Chavis was capable, but it was time for him to go
It was time to move on. John Chavis knew it, and so did LSU. The dye was cast in yet another heartbreaking November home loss to Alabama.
In 43 seconds, the Tide drove from its 35-yard line to the LSU 10 with no timeouts to kick the game-tying field goal. Alabama scored a touchdown in overtime to win 20-13.
As good as Chavis’ defenses were statistically, they had trouble getting stops late in key games.
In 2012 in Baton Rouge, Alabama drove 72 yards in five plays and 49 seconds to score the game-winner. It came on a 28-yard screen pass from A.J. McCarron to T.J. Yeldon.
In a 2013 game at Georgia, LSU led 41-37 with 4:14 to play. The Bulldogs drove 75 yards in six plays to score the game-winning touchdown. Only once on the drive did Georgia face a second down.
The biggest defensive meltdown occurred in the 2012 Chick-Fil-A Bowl. Clemson converted on fourth-and-16 at its own 14-yard line. That led to a game-winning field goal by Chandler Catanzaro. Clemson won 25-24.
So, after a series of late-game failures, it was time for Chavis, a very good coach, to move on. One source said he felt Chavis had a contract agreement with Texas A&M before Christmas.
After a 31-28 loss to Notre Dame in the Music City Bowl, I asked coach Les Miles if it looked bad that Chavis was going to an SEC West rival.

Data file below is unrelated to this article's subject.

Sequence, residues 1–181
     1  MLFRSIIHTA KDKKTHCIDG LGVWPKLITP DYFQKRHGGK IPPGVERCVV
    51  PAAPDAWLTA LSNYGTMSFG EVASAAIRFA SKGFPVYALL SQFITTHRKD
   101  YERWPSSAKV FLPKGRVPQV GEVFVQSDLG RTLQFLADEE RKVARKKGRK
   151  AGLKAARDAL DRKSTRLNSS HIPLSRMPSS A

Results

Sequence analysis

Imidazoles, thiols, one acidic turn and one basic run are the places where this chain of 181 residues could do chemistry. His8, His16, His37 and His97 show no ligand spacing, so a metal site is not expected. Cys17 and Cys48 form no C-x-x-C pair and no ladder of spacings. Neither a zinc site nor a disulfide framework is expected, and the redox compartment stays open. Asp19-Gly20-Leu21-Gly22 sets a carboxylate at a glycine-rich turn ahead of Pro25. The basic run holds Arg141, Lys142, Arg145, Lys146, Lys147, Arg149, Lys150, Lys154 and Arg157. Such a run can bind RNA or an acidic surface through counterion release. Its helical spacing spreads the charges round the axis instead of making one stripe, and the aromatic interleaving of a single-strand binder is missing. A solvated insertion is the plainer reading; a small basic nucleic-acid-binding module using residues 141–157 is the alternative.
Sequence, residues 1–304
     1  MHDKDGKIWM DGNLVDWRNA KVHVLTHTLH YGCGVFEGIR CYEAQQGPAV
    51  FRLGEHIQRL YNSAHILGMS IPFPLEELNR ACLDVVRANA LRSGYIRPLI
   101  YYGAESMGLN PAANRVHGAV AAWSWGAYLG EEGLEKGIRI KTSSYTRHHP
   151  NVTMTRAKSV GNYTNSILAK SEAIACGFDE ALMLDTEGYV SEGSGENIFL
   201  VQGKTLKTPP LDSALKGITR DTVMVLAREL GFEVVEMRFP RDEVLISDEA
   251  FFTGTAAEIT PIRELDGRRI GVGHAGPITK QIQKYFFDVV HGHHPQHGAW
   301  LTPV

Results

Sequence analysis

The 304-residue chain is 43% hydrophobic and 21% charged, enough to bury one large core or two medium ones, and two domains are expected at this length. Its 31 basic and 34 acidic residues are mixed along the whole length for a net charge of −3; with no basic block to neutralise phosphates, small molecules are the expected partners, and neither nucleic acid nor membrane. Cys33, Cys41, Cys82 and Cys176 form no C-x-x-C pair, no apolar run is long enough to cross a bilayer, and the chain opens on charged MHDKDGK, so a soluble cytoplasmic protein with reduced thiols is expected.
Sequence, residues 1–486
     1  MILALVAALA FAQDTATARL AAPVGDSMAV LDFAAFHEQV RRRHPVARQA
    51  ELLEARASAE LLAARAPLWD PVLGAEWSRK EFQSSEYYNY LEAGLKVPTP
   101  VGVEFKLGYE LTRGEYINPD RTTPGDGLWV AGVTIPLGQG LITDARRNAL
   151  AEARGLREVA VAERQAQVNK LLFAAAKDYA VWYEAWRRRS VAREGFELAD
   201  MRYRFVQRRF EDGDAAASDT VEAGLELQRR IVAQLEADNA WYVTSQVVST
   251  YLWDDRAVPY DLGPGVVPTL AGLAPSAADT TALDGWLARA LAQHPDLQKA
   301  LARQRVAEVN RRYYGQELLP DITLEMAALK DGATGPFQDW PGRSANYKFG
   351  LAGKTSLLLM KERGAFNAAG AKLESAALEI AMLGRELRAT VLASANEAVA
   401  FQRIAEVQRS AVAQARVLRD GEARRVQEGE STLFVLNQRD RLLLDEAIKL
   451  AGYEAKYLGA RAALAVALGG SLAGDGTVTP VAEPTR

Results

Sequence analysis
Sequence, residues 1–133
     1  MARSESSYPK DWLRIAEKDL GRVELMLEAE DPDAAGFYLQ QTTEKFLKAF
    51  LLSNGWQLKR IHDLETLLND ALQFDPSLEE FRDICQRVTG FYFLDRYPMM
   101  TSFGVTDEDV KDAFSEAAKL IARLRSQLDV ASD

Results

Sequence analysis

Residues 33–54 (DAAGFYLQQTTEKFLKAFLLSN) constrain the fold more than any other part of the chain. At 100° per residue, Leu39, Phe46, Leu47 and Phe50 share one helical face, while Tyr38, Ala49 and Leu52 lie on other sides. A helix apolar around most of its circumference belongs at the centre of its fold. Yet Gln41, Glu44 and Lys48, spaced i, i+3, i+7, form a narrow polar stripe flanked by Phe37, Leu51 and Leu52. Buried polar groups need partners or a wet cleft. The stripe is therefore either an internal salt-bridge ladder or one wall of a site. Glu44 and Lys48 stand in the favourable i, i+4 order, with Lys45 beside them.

“I don’t give a damn,” said Miles. “I can only tell you at LSU we will have a great defense and a great defensive coach.”
If LSU wanted to retain Chavis, why wouldn’t they cough up the extra $300,000 or so to match any offer Texas A&M could muster?
The answer was simple. LSU didn’t think Chavis was worth the extra cash. For Chavis, the move to College Station, Texas, will be an interesting one.
He will coach for a school that doesn’t play a complementary offensive game. While LSU runs the football and eats the clock, the Aggies spread it out and play fast-break football. Chavis’ defenses will be on the field a lot.
In 2014, LSU was ninth in the country in time of possession at 33 minutes-plus per game. Texas A&M was 122nd, at about 26 minutes a game.
So, Chavis will be making more money, and he will be defending more possessions.
In the Music City Bowl, Notre Dame was 11 of 17 on third down. It was a telling statistic.
But, by the time the Tigers took the field in Nashville, Chavis knew he was gone.
How else to explain his post-game comments when he said he would talk about the “game and the game only.”
If Chavis were a country crooner, he could adopt the lyrics of Jo Dee Messina in “Heads Carolina, tails California.”
“Go somewhere greener, somewhere warmer.”